BEIJING (Reuters) - A flood of data from China in coming weeks is expected to show the economy continued to grow at a steady pace in November, with inflation quickening and credit expanding at a faster pace despite concerns about rising debt, a Reuters poll showed.


However, concerns about the impact of tighter capital controls are also growing as China closes off more channels for cash to leave the country after the yuan slid to more than 8-year lows.


China's foreign reserves, though still the world's largest, may have fallen to the lowest since early 2011 in November, data is expected to show on Wednesday.


A Reuters poll of 26 analysts expects the world's largest reserves fell to $3.091 trillion in November from $3.121 trillion in October - the fifth straight month of declines.


In recent weeks, Beijing has clamped down on outbound investments and used its foreign exchange stockpile to keep the yuan from falling too rapidly, but traders are wondering how long it can maintain its yuan defense and withstand a prolonged drain on reserves if the U.S. dollar continues to rise.

The yuan <CNY=CFXS> has fallen over 3 percent against the dollar since Sept. 30, and analysts polled by Reuters expect it to recoil further to 7.14 per dollar in a year, which would mark its lowest level in nearly a decade.

The yuan has continued to skid despite unexpected signs of stabilization in the economy this year, which are largely due to a construction boom fueled by higher government infrastructure spending and a blistering housing rally.

However, that has also left economic growth more reliant on government spending, state-owned companies and "old economy" industries such as steel and mining which Beijing has been trying to restructure and streamline via capacity cuts.

Trade and inflation data will follow on Thursday and Friday, respectively, with fixed asset investment, retail sales, and industrial output on Dec. 13. Loan and money data is expected Dec. 10-15.

Industrial profits and factory activity have rebounded over the last few months, but the gains have relied too much on higher commodity prices than a sustained increase in real demand, the statistics bureau said last week.

China's commodities futures prices have surged this year as speculators piled in, with coal prices hitting records in recent weeks, but economists say growth driven by loose money policies won't last.

Buoyed by higher prices for steel and coal, producer price inflation is expected to jump to 2.2 percent in November - the highest in five years - from 1.2 percent in October.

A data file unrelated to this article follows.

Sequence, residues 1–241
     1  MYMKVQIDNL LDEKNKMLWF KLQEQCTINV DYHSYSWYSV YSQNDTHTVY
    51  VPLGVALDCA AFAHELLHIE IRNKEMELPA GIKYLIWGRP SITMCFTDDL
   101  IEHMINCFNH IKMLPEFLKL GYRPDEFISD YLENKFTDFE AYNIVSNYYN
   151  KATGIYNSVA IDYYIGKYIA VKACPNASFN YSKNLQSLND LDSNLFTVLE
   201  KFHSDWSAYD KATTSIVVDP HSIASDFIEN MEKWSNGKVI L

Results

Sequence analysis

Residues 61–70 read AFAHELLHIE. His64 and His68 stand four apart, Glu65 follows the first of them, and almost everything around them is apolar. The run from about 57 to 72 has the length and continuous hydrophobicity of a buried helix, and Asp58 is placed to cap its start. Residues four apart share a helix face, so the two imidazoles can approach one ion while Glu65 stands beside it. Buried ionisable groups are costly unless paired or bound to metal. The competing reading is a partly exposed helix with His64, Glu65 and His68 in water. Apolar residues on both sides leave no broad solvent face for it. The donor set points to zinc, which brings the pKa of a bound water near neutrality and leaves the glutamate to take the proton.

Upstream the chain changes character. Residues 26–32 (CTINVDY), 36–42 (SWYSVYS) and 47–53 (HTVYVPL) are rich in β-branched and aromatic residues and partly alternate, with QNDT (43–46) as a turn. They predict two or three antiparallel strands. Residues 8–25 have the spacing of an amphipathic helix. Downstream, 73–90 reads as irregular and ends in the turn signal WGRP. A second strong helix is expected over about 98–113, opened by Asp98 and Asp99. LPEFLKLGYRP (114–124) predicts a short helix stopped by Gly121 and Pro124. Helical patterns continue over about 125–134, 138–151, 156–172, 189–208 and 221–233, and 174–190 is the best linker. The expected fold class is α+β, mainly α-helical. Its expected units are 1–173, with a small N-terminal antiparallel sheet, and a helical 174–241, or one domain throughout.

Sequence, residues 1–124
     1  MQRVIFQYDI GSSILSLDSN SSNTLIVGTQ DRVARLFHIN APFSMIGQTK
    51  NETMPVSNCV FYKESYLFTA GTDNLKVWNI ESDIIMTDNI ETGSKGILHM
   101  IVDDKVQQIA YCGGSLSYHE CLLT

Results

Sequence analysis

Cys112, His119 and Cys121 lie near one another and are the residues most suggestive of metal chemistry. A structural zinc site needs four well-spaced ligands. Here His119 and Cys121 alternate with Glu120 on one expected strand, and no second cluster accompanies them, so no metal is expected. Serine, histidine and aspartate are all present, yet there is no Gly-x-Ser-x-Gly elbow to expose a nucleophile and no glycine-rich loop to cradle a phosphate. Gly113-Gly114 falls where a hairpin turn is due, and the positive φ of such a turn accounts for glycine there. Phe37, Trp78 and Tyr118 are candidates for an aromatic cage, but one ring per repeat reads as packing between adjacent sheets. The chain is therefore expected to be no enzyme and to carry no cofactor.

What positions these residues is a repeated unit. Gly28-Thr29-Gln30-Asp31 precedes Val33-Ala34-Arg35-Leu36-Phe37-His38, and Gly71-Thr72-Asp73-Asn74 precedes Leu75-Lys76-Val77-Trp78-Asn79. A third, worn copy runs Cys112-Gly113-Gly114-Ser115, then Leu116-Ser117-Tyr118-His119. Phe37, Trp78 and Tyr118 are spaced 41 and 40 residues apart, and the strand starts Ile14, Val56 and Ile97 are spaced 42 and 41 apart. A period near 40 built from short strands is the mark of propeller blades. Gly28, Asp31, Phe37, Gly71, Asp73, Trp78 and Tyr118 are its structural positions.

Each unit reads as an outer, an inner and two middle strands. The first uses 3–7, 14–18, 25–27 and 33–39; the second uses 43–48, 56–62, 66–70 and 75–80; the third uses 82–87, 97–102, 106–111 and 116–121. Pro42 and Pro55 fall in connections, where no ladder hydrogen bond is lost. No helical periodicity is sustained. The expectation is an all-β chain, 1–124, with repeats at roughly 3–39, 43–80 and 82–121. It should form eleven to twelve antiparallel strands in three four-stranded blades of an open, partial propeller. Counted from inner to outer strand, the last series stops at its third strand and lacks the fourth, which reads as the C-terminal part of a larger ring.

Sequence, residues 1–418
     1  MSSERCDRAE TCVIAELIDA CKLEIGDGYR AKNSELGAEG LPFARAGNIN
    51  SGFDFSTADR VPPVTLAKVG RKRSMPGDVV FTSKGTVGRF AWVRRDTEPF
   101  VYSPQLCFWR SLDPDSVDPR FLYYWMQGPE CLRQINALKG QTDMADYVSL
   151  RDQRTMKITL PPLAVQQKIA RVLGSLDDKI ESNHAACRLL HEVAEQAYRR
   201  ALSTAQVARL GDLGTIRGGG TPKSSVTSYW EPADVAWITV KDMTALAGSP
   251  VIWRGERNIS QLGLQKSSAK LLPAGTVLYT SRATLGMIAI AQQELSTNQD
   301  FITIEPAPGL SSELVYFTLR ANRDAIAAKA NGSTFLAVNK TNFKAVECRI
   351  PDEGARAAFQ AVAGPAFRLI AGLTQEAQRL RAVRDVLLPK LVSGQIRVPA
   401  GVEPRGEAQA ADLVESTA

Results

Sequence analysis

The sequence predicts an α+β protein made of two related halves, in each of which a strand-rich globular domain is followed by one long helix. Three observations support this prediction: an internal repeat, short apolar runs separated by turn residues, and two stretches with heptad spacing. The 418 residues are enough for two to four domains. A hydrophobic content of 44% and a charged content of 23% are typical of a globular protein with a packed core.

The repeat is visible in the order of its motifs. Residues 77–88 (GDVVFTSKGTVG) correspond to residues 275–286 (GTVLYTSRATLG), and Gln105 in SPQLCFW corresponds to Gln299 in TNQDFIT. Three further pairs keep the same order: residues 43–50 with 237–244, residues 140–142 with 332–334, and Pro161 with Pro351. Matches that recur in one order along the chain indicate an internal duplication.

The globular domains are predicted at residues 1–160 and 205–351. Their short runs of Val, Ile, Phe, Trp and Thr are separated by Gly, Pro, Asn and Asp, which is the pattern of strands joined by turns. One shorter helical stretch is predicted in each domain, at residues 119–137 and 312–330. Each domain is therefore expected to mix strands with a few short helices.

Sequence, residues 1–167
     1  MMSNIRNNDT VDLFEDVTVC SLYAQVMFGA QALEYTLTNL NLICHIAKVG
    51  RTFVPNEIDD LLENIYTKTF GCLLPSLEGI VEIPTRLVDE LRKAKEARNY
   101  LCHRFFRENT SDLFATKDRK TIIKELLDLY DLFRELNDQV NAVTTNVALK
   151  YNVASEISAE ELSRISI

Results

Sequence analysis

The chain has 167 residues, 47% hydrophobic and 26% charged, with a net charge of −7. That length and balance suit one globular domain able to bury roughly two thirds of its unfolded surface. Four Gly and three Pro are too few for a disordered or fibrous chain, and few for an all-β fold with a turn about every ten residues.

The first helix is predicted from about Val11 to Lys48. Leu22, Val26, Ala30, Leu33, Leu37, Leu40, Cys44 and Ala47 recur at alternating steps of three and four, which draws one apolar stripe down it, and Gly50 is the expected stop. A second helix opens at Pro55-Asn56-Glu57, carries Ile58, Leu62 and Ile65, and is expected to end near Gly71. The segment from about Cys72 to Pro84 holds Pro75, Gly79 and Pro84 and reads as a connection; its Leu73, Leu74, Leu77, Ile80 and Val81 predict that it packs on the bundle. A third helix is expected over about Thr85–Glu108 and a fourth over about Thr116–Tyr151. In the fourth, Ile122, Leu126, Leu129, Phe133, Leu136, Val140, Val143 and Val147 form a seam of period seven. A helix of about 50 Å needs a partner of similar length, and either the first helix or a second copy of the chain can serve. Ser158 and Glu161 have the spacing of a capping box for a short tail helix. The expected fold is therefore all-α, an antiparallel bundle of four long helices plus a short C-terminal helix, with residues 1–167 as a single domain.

Consumer price inflation is expected to quicken to 2.2 percent from 2.1 percent, according to a median forecast of 47 analysts.

Exports are expected to remain stubbornly weak, even as worries grow of trade frictions with the United States next year after President-elect and vocal China critic Donald Trump takes office.

November exports likely fell 5 percent from a year earlier, not as bad as a 7.3 percent drop in October but pointing to sluggish global demand. Imports may have dropped 1.3 percent, after falling 1.4 percent in October.

China's trade surplus is forecast to have been $46.30 billion in November, versus October's $49.06 billion, with growing attention on its large trade surplus with the United States.

Industrial output is expected to rise 6.1 percent in November from a year earlier - unchanged from October.

Activity in China's manufacturing sector grew more than expected in November, expanding at its strongest pace in more than two years, according to an official survey

Retail sales growth may have picked up slightly to 10.1 percent as many shoppers splurged on "Single's Day" on Nov. 11. Chinese e-commerce giant Alibaba Group Holding Ltd <BABA.N> said it racked up more than $5 billion in transactions in the first hour.

Growth in fixed-asset investment is forecast to be 8.3 percent in January-November, the same pace as in the first 10 months, according to the poll.

China watchers will be looking more closely at property investment details as the housing rally which has been one of the economy's main drivers starts to show signs of fatigue.

New yuan loans may have increased to 720 billion yuan ($104.52 billion) last month from 651.3 billion yuan in October.

Bank lending is on pace to hit a record this year, and has been led by home mortgages over the last few months, though growth of outstanding loans likely eased slightly to 13 percent.

Growth of M2 money supply likely moderated slightly in November, with analysts expecting an increase of 11.5 percent, versus October's 11.6 percent.

(Reporting by Elias Glenn, Shaloo Shrivastava and Wang Jing; Editing by Kim Coghill)